Elisa Alvarez-Garrido, Georgia State University, J. Mack Robinson College of Business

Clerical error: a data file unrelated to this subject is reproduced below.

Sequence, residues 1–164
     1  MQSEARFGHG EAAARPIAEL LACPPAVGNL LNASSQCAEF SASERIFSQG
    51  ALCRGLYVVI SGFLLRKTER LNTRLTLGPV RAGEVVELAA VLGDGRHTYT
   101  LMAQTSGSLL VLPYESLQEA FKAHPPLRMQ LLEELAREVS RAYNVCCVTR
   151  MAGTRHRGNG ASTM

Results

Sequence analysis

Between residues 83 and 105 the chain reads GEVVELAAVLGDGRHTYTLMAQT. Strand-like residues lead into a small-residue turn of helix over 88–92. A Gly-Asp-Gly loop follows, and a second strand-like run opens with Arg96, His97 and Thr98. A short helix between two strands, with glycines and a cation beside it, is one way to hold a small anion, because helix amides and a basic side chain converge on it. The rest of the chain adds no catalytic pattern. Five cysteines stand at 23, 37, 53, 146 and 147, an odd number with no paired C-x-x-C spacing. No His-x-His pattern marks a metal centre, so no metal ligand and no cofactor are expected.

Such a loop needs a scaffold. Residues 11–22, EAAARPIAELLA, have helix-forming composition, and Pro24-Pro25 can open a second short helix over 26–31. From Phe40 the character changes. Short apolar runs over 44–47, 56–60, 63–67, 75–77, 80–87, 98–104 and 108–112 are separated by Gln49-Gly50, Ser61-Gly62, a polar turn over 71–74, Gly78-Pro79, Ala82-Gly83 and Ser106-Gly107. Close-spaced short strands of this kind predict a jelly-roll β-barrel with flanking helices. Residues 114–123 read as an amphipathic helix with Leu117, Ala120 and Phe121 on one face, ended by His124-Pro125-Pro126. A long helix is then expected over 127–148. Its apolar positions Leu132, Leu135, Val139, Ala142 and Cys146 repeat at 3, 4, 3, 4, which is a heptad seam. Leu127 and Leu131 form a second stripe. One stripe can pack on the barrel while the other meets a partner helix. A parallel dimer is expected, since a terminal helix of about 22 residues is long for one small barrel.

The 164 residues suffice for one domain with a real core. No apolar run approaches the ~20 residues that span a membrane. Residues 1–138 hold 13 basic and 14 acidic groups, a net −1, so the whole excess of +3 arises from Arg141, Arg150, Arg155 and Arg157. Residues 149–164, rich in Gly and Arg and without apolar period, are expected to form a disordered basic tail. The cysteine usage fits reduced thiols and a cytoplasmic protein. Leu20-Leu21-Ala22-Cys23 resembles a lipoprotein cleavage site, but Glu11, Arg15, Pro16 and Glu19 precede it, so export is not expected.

Abstract: Even though it is well understood that the success of entrepreneurial ventures depends to a great extent on their interorganizational relationships, the role of the external environment in which these relationships unfold remains relatively unexplored. In contrast, resource-dependence theory regards the environment as a major factor in the degree to which external resources contribute to firm performance. This paper explores the role of the external environment in the context of partnerships between ventures and venture capital firms across the world, focusing on variation in the liquidity of the local stock market, an aspect of financial market development that ranks among the top concerns fo global ventures capitalists (VCs). Using a longitudinal sample of 457 biotechnology ventures from 20 different countries, and of 570 U.S. biotechnology ventures, I find support for the general claim that VC experience, as a shared resource in the interorganizational partnership, increases the odds of the venture going public or being acquired. However, I also find that the magnitude of this effect is much greater when the local stock market is less liquid. Moreover, this effect is driven by an increase in the initial public offerings (IPOs) and acquisitions in the local stock market, and not by an increase of foreign IPOs and acquisitions, which suggests that partner experience overcomes the challenges of the environment rather than providing access to foreign markets. This paper seeks to contribute to the strategy research by studying how financial markets moderate the effect of investors’ experience on venture performance.